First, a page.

People are increasingly on the lookout to buy locally sourced food and drink. Rich Airey focuses on a successful attempt to provide customers with a local option for their baskets and at the same time help regional producers build their businesses.

It may be easy to label your store ‘local’ in the sense that you’re serving your immediate community, but just how far does the term stretch for you? Customers are becoming more and more interested in buying locally sourced food products and stores across the country are slowly beginning to reap the benefits.

Budgens has been very proactive in sourcing local produce. It first dabbled in March 2004 when it teamed up with a group of independent local producers under the umbrella ‘Tastes of Anglia’. The partnership was so successful that Budgens next approached A Taste of Sussex to supply its Midhurst store.

One year on from the launch and with British Food Fortnight fast approaching, (September 24 - October 9), A Taste of Sussex is going from strength to strength. It’s now been rolled out to seven further Budgens stores in Sussex and a number across London. The company is set to reinforce its commitment to local sourcing with Taste of the West and East Midlands Fine Foods lined up to supply stores in their own regions.
Budgens has highlighted its commitment to a local policy in the past by sponsoring British Food
Fortnight and through its annual Taste of the West Awards. Midhurst store manager of 10 years, Steve Mew, is delighted his customers are such fans of the Taste of Sussex range.

“To say it has taken off well would be an understatement,” says Steve. “It surprised me quite how successful it has been. Customers love the fact they can identify where a product is from by recognising the name of a certain village or local company. This has certainly been the case with the fresh food lines, as customers can see the sausages, bacon and cheeses are from the Chichester area. Other ranges include local pickles, jams, cakes, cheeses, beer and wine. It’s the kind of range you might usually find in farm shops, farmers’ markets or small cafes.

“We stock around 130 lines and with a review coming up this month, this is likely to expand. We displayed the range on its own to start with but because the sales were so good we ran out of space and had to take some items out and integrate them alongside other lines. On current form, it definitely looks like something that will grow and grow. In a typical week we make £3,500 just on A Taste of Sussex sales.”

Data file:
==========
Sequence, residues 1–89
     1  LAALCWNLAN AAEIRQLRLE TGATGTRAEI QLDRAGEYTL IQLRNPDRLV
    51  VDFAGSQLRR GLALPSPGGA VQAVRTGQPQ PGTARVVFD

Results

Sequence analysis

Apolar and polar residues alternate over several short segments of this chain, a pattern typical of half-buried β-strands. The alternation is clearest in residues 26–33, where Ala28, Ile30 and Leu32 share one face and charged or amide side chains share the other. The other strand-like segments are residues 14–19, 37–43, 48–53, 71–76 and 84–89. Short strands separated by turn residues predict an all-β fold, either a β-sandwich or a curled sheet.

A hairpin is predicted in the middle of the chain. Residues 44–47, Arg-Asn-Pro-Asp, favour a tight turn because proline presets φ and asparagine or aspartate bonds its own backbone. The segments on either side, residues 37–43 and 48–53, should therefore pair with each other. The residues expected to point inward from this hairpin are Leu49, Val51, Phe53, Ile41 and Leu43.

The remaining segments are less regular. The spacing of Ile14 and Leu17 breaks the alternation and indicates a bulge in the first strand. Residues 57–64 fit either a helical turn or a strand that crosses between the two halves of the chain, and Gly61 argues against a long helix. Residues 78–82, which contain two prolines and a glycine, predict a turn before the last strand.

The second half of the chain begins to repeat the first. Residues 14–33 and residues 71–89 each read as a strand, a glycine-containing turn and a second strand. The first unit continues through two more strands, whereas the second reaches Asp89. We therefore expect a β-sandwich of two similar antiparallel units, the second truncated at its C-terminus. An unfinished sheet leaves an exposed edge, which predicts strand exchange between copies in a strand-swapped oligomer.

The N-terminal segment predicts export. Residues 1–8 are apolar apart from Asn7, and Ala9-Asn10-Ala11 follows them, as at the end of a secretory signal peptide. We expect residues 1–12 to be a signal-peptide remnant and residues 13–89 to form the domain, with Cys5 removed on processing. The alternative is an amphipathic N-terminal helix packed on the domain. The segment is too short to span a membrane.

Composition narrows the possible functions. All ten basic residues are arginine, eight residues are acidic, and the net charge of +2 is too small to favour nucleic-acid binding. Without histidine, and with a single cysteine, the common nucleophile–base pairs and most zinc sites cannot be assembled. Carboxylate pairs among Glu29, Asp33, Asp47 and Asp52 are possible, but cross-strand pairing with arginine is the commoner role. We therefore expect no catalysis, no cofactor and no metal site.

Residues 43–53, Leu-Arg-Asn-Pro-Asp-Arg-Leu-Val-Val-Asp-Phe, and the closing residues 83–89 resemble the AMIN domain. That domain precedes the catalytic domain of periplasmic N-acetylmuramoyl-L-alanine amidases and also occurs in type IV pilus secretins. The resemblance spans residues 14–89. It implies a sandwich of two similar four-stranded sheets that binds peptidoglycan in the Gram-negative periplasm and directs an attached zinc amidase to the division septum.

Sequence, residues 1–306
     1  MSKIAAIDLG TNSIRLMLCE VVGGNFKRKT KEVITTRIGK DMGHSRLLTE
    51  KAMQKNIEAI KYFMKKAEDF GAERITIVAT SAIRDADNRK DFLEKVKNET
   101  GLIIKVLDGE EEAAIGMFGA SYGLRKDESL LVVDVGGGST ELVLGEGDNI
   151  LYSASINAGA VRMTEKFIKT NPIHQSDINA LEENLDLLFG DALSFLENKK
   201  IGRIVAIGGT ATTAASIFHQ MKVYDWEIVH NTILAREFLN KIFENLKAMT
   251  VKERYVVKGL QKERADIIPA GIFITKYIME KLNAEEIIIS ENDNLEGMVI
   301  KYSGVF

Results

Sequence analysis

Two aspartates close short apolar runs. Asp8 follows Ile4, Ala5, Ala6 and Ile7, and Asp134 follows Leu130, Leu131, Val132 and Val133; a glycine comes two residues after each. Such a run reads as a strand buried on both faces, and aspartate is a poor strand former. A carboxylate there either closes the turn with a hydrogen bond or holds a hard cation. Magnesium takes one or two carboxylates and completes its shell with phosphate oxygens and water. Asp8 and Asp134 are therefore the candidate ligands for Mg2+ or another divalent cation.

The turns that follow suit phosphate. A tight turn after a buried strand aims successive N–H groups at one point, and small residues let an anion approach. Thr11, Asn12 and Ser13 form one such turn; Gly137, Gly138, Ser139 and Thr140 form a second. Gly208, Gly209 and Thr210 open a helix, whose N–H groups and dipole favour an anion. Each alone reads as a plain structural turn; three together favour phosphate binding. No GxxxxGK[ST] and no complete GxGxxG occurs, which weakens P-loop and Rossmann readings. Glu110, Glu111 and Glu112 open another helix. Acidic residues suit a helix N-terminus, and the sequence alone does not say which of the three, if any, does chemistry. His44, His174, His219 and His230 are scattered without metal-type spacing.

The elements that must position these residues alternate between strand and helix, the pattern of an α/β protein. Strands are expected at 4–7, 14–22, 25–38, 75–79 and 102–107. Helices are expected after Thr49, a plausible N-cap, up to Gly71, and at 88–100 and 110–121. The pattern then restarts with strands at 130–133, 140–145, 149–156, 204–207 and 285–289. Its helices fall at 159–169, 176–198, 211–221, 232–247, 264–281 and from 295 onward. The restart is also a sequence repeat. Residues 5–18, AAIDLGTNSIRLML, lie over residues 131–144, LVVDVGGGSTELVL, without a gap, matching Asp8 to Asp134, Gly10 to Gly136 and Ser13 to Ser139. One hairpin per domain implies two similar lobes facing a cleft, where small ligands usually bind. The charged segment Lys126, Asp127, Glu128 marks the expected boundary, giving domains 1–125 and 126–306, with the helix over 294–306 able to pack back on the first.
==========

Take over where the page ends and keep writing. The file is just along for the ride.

A classic example of the success of the initiative is the expansion of the home-made cakes range, More. The selection has grown dramatically from nine lines to more than 40 in just one year. In the first week of the new range appearing in the store, £600-worth of the More cakes had been snapped up. The extra demand has had a positive effect on the business itself, which has developed from a family concern of three to a thriving company with a large team of workers.

Steve is a big fan of the close contact he now has with local producers - something that’s not usually an option with the big multinational companies.
“Products can be adapted for us very quickly so that interest is maintained. Communication is quick and constant. With multinational firms it’s very much buyer to buyer rather than producer to store manager to customer.

“If a customer asks if we can get something locally, A Taste of Sussex can investigate for us. It’s something we’ve not really had before. Usually we’ll stock products through a warehouse and mostly controlled centrally through buyers.”

Steve is adamant that stocking the local produce has not had a negative effect on similar non-local lines. “The customer will identify with something local and it’ll be an extra item to what would usually be in their shopping basket. It very much starts as an impulse and if the product is good - which they all are - customers will add that item to their usual shop.”

Price has not put customers off either, as Steve explains: “People accept the fact that it may be a premium-priced product but because it’s local, that tends to offset the doubts they have about buying it.”
A Taste of Sussex co-ordinator Hilary Knight has seen small producers benefit greatly over the last year. “We were set up in 2004 to support local producers and were originally part of Taste of the South East. Budgens was a real opportunity and our partnership has been extremely successful. We now have 22 producers, all of which can supply more lines because of the increased demand. The whole project has been fantastic and has opened up other markets for our producers. I’m sure that it’s also exceeded Budgens’ expectations,” she says.

Tastes of Anglia has received a similar thumbs-up from managers in its region. Aylsham Budgens boss, Roger Bumphrey, has stocked the range for 14 months and says: “It’s been really interesting and items such as the fresh food section and the ciders have really taken off. The key thing is that it’s giving the local producers a much wider market. We’re building the range all the time, and by putting the smaller companies’ products on the shelves we gain area identity. We’re very community-based and the range emphasises that.”


Further information on sourcing local food is available online at: